Cleaning it up and taking it to the bank

New study reveals chlorine plants could actually make money by switching to mercury-free technology

Hot off the presses are new findings that show it's actually cheaper for chlorine plants to make their product using mercury-free technology. Oceana says so in the most extensive report to date focusing on the conversion of mercury-cell chlorine factories to more environmentally and economically sound mercury-free technology. What's more, the findings have prompted Sen. Barack Obama (D-Ill.) to reintroduce legislation that requires chlorine and caustic soda manufacturing plants to switch to mercury-free technology by 2012. It's good to see politicians recognizing the need for this type of legislation. Shifting not only benefits the environment and our health, it benefits the company pocketbooks, too -- and that's the bottom line.

All Kinds of Sickening

Congress grills FEMA on toxic post-hurricane trailers The media have reported for at least two months that the trailers used to house refugees from hurricanes Katrina and Rita have been giving off fumes that are making some people sick. Now it seems the Federal Emergency Management Agency, which has fended off those accusations, has known about the toxic trouble since early 2006. The House Oversight and Government Reform committee subpoenaed FEMA records that recommend not testing for toxics, as that “would imply FEMA’s ownership of the issue.” At a hearing yesterday, legislators tore into FEMA head R. David Paulison, with …

Details on Dingell's carbon tax

It’s not optimal, but he says he’s serious about it at least

As you’ll recall, a few weeks ago Rep. John Dingell said in an interview that he plans to introduce a carbon tax bill, "to see how people really feel about this." He expressed doubt that the American people are willing to pay what it will cost. Reaction from progressives was swift and vicious. Everyone assumed Dingell would deliberately design a horrible bill, fail to support it, watch it go down in flames, and thereby poison the debate. See, e.g., this unsigned L.A. Times editorial. Now there’s a little bit of information about the bill emerging. Seems the Detroit Free Press …

Mystery ads

There’s a series of very strange political videos out recently on YouTube. They parody Republicans, but purport to be campaign ads for Rudy Giuliani. Nobody knows who’s making them, or why. So mysterious! This one’s mildly amusing on global warming and oil: (h/t: reader KW)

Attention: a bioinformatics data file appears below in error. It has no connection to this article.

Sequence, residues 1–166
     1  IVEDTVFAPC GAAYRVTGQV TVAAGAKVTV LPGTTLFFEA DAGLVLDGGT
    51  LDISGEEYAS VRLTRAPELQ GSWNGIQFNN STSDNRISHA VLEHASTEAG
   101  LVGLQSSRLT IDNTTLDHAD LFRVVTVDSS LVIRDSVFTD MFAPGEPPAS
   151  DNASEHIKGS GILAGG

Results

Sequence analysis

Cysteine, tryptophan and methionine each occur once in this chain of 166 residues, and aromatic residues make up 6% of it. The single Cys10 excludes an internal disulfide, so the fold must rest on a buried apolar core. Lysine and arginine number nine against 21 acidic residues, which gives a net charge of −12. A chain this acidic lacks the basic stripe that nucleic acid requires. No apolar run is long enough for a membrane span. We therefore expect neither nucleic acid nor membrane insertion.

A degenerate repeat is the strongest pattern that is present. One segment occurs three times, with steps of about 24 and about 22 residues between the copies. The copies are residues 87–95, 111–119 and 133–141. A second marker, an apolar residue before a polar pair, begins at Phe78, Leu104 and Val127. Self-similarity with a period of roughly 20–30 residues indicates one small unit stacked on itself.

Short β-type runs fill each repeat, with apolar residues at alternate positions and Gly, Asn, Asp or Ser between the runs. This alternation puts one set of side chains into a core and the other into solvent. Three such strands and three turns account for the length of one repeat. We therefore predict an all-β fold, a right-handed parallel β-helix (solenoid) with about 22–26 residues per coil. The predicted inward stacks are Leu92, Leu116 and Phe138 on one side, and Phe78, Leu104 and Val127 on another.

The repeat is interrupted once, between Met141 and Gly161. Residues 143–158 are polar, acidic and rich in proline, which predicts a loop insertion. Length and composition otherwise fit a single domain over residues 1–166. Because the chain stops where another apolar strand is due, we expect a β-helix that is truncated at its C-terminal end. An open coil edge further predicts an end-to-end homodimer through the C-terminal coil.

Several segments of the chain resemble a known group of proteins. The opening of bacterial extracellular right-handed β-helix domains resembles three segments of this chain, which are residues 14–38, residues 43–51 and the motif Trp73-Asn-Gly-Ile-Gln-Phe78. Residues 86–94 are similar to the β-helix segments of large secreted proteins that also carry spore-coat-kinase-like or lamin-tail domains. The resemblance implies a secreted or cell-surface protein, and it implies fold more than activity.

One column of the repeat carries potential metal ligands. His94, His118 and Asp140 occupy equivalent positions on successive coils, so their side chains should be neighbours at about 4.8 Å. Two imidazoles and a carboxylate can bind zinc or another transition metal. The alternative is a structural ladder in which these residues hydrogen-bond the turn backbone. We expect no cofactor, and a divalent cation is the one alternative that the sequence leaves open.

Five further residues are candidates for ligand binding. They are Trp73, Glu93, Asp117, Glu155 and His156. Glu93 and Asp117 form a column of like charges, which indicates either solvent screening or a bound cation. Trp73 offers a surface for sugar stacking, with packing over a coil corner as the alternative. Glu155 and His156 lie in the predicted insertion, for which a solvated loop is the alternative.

To the rescue!

A new group called The Elders to solve globe’s problems

Singer Peter Gabriel and industry titan Richard Branson conceived, and have now convened and funded, a group called The Elders, a small collection of eminent global statesmenpersons who, it is hoped, will be able to … um … be wise and stuff. And also use their superpowers to solve pressing global problems like climate change and poverty and reality tv. Meet your elders! The members include Desmond Tutu, South African archbishop emeritus of Capetown; former U.S. President Jimmy Carter; former U.N. Secretary General Kofi Annan; Mary Robinson, former president of Ireland and Mohammed Yunus, the Nobel laureate and founder of …

The 'crime' of dialogue: Iran's disgraceful detention of Haleh Esfandiari

Environmental peacekeeping runs into authoritarianism

My friend and colleague is in jail. Unjustly. Her name is Haleh Esfandiari, and she is a grandmother. In early May, she was thrust into solitary confinement in Iran's Evin Prison with a single blanket. She hasn't been allowed to meet with her friends, family, or lawyers since then. This picture shows Evin Prison nestled within the leafy northern suburbs of Tehran at the foot of snowcapped mountains, but the prison has none of the bucolic qualities that the image suggests. "Notorious" is the ubiquitous descriptor. Haleh's "crime" is doing what we do every day here at the Woodrow Wilson International Center for Scholars in Washington, D.C.: provide a safe space where scholars, policy-makers, and ordinary men and women can learn from one another through open, nonpartisan dialogue on today's most pressing issues. Or at least we thought it was safe.

Use the Task Force, Dick

Members of mysterious energy task force finally revealed You might want to sit down for this: the Bush administration’s national energy policy was heavily influenced by Big Industry. Shocking, we know. In 2001, a task force headed by Vice President Dick Cheney met with various entities to discuss energy policy; since then, the administration has battled to keep from saying who was involved. Finally, The Washington Post has acquired the names of some 300 interest groups and individuals who gave input, including electric utilities, natural-resource trade groups, and about 20 oil and gas companies. Green groups were lumped together into …

Me, on the radio

You know you wanna listen

Yesterday, I was on radio show called Earthbeat, discussing the presidential candidates and their views on climate and energy. You can read about it here, or download the one-hour mp3 here.

Cheney energy task force ... revealed!

Pretty much what you thought it was

Six years and a protracted legal battle later, The Washington Post has finally gotten its hands on a list of who met with Dick Cheney’s Energy Task Force in 2001. Turns out it’s a bunch of oil and gas execs. Shocking. This is my favorite ‘graph from the story: The task force issued its report on May 16, 2001. Though the report was roundly criticized by environmental groups at the time, some energy experts say that in retrospect it appears better balanced than the administration’s actual policy. Sigh. Here’s the full list.

Got 2.7 seconds?

We've devised the world's shortest survey to find out what kind of actions our readers are taking. You know you want to.